By Bob McIntosh, Career Trainer
There are many self-help books for introverts – Self-Promotion for Introverts, Ancowitz; Networking for People who Hate Networking, Zack; The Introverted Leader, Kahnweiler; to name a few. This appears a bit odd to me, because I never thought that introverts need that much help.
I’ve often wondered if the introvert’s companion, the extravert, has a need for self-help books. Through my hunt for extravert self-help books, I haven’t seen any on the bookshelves of Barnes and Noble. Books that are exclusive to our talkative padre are not sold on Amazon.
I read a entry by a recruiter named Mark Bregman who (again) defends introverts. The premise of his article is that recruiters prefer extraverts. It’s a good entry, but he falsely states the majority of US citizens are extraverts—between 60%-75%. According to Center for Applications of Psychological Type (CAPT), 51% of US citizens are introverts. I only point this out because it isn’t an extravert world, as many believe.
Though I must confess, as an introvert, we are different; we have our strengths and challenges. Here are some introvert strengths:
We’re great actors. When I ask my workshop attendees if they think I’m an introvert or extravert, they usually guess wrong. “But you’re so lively and loud,” they say. What do they expect, Dawn of the Living Dead? I simply tell them I love what I do, but I need time afterward to recharge my batteries.
We think before we speak. Dominating a meeting is not our style; we favor something akin to Parliamentary Procedure. That doesn’t mean we don’t have intelligent things to say; we just don’t like to compete with the extraverts who learn by talking. The problem with our method of communicating is we might not get our brilliant thoughts out in the open.
We rule when it comes to research. We learn best by researching topics on our own and, as such, prefer the computer over dialog. Extraverts learn best by throwing around ideas among their colleagues and friends. We find staff meetings unproductive unless there’s an agenda and some sense of order. Brainstorming is usually a waste of time to us.
We hear you the first time. We’re considered great listeners. But we don’t appreciate being talked at. We’re perceptive so you don’t need to stress your point with 10 minutes of nonstop talking. So you don’t like caviar. And you had a bad experience eating it when you were a child. Got it.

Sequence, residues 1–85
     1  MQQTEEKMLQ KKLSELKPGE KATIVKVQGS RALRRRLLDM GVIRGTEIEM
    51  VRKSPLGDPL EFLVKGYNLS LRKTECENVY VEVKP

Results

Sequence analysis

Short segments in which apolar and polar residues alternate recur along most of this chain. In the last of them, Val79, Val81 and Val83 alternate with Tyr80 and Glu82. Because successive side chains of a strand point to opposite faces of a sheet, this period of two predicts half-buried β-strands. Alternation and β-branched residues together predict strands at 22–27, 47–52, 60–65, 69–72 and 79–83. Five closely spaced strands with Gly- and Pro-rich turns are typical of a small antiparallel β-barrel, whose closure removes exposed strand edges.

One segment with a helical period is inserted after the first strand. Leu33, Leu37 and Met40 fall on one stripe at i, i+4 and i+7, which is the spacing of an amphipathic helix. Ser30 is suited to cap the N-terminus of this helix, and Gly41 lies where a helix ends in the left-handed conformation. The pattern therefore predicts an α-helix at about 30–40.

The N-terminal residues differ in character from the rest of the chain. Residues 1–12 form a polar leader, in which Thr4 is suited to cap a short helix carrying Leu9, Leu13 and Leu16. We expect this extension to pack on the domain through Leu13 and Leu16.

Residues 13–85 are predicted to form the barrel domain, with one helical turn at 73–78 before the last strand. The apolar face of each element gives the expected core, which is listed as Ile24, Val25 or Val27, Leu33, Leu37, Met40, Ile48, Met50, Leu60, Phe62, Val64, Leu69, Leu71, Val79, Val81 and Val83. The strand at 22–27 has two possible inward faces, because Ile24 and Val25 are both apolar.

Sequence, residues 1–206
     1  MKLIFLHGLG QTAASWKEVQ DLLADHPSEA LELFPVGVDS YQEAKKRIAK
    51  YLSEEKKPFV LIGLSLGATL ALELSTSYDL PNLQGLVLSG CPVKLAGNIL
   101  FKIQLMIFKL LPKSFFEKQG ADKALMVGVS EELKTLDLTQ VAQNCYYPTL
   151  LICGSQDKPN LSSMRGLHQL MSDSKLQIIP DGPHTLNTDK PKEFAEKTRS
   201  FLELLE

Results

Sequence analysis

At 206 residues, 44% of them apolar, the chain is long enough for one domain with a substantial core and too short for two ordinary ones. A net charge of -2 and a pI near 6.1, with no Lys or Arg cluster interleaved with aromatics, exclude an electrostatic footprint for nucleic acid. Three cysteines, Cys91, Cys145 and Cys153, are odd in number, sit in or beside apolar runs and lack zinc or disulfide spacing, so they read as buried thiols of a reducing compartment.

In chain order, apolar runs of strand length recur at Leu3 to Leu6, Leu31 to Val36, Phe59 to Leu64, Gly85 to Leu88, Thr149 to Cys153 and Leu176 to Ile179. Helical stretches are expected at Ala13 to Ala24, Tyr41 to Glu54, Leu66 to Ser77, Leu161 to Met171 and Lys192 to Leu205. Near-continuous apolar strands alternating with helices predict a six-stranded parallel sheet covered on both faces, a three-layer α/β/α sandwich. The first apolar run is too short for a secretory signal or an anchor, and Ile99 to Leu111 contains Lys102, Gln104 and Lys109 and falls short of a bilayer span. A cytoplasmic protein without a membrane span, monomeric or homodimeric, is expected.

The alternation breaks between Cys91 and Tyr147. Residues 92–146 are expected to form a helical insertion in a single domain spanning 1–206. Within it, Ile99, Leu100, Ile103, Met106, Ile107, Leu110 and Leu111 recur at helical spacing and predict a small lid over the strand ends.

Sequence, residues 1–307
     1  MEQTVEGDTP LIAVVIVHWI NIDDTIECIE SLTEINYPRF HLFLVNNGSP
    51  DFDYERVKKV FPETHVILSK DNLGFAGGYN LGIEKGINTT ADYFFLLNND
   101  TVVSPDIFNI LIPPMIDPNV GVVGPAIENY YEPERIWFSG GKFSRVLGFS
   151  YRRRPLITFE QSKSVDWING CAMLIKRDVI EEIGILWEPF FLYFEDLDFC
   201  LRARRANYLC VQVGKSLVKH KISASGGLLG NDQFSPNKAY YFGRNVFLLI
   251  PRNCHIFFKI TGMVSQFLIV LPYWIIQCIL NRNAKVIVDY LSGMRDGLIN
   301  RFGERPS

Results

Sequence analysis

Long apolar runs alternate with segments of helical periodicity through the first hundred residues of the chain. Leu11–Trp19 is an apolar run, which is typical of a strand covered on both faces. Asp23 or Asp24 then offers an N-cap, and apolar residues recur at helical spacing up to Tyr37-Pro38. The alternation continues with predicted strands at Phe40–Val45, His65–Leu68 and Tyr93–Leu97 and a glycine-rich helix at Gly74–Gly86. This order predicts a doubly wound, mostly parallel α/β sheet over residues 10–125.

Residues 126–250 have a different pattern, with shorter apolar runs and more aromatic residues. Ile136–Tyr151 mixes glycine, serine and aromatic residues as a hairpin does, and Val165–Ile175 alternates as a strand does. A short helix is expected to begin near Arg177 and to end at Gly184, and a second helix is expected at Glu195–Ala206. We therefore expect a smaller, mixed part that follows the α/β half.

We love to write. Writing is our preferred mode of communication, but this doesn’t mean we’re incapable of talking. We just don’t have the capacity to talk from sunrise to sunset. Writing allows us to formulate our thoughts and express them eloquently. There’s no denying, however, that our workplace favors those who talk; so there are times when we put down the pen and let our voice be heard.
We’re just as creative as the next person. Our creative juices flow from solitude, not open spaces where people throw Nerf footballs, eat cookies, and attend wrap sessions until 10:00 pm. If you see us working intently in our offices or cubicles, we’re usually enjoying “moments,” so don’t break our concentration. Nothing personal; we’ll join you at the pool table when our work is completed.
These are just some know facts of introverts. We’re not perfect by any means, but we have a lot to offer. I’m just not so sure we need all the attention we’re getting.
About the Author
Bob McIntosh, CPRW, is a career trainer at the Career Center of Lowell, where he leads more than 20 workshops on the career search. Bob is often the person jobseekers and staff go to for advice on the job search. As well, he critiques resumes and conducts mock interviews. One of his greatest accomplishments is starting a LinkedIn group, which is one of the largest of its kind in the state, and developing three in-high-demand workshops on LinkedIn. Bob’s greatest pleasure is helping people find rewarding careers in a competitive job market. Please visit Bob’s blog at www.thingscareerrelated.wordpress.com.